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the genre's premiere review magazine for short SF & Fantasy since 1993

Lightspeed #7, December 2010

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Lightspeed #7, December 2010

“In-Fall” by Ted Kosmatka
“Jenny’s Sick” by David Tallerman

Reviewed by Rhonda Porrett

“In-Fall” by Ted Kosmatka begins with two men whooshing across space in a ship that isn’t a ship. An anchor connected to the hull by an unbreakable filament is fired into the center of a black hole. Gravity pulls the ship closer to its doom. One of the men, a mere boy, is restrained in a chair, bleeding. The other man, his interrogator, wants the names of the boy’s accomplices in a war that ravages the human race. If the boy reveals his secrets, he will be killed quickly. If he refuses to squeal, he will be engulfed by the black hole where time does not exist, thus robbing him of death and his heavenly reward as a freedom fighter.

“In-Fall” explores what happens when one person plays God by being able to determine the eternal destiny of another. I found the concept excellent and tension good, but the interrogator’s motives for going on the kamikaze mission into the black hole are convoluted. His actions are fueled by vengeance, justice, weariness, compassion, and remorse. The presence of these varied driving forces in such a short story weakens the interrogator. Also, the fate of the prisoner as written is too calm, too clean, and too unrealistic.

The idea of a black hole being a two dimensional time trap is intriguing, but I had a problem with the logic behind the statement identifying a black hole as the inverse of existence and not the opposite or reverse. A mathematical explanation of the differences between inverse, opposite, and reverse by Mr. Kosmatka as they relate to the variables of time and space within the story would have been appreciated.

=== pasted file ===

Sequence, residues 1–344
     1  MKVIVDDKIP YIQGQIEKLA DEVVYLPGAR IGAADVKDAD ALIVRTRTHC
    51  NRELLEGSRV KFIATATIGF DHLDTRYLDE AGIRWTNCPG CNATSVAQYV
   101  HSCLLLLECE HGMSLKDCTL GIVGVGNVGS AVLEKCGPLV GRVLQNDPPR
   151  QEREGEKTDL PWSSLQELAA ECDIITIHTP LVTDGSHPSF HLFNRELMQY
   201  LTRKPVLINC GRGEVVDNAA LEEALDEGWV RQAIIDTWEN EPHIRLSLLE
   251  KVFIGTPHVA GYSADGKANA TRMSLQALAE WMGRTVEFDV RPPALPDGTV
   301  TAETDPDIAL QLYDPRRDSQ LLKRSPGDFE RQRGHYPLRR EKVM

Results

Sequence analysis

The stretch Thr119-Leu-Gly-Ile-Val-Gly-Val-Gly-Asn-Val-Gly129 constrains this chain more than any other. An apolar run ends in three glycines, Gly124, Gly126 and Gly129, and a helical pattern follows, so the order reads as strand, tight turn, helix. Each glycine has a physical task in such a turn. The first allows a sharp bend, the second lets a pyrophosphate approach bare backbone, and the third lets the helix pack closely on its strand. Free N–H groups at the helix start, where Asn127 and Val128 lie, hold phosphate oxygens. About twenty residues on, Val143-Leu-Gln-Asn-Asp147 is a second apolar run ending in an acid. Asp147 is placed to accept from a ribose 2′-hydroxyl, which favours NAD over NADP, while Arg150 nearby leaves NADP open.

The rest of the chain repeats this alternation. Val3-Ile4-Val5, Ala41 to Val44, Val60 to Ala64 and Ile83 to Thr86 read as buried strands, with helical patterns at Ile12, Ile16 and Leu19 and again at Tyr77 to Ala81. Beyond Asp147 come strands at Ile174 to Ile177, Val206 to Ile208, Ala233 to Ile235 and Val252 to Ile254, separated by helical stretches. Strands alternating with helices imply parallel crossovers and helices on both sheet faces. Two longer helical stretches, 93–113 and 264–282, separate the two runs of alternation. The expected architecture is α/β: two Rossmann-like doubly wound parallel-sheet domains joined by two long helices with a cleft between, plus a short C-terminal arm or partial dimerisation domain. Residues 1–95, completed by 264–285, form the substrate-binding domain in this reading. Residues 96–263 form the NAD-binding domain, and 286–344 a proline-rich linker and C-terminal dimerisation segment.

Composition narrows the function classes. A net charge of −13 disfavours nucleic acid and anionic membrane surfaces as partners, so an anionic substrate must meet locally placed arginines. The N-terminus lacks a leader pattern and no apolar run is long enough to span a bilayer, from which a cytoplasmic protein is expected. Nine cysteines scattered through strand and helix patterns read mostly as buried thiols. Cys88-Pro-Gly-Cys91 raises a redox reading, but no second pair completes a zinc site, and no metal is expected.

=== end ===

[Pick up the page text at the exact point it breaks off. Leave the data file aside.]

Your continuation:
How do you stand out in a world where everyone is perfect? In “Jenny’s Sick” by David Tallerman, all disease has been eradicated, or so it would seem. When a college man intent on pursuing a career finds his roommate suffering from influenza, gastroenteritis, and other maladies, he discovers she’s been taking pills to make herself sick. He ignores her addiction and moves out rather than try to dissuade her from her self-afflicting tendencies. Troubled by guilt, can he find it in his heart to help his former lover and friend in her time of need, or will his life and career take precedence?

Science takes a back seat to the smooth prose and identifiable characters in “Jenny’s Sick.” Turn the disease-inducing drugs into modern illegal street drugs and the story wouldn’t change . . . much. But there is an underlying current that paints a scary picture of life where everyone can have a flawless body and the boundary between sane and insane is blurred. I recommend “Jenny’s Sick” based on the characters and its thought-provoking nature.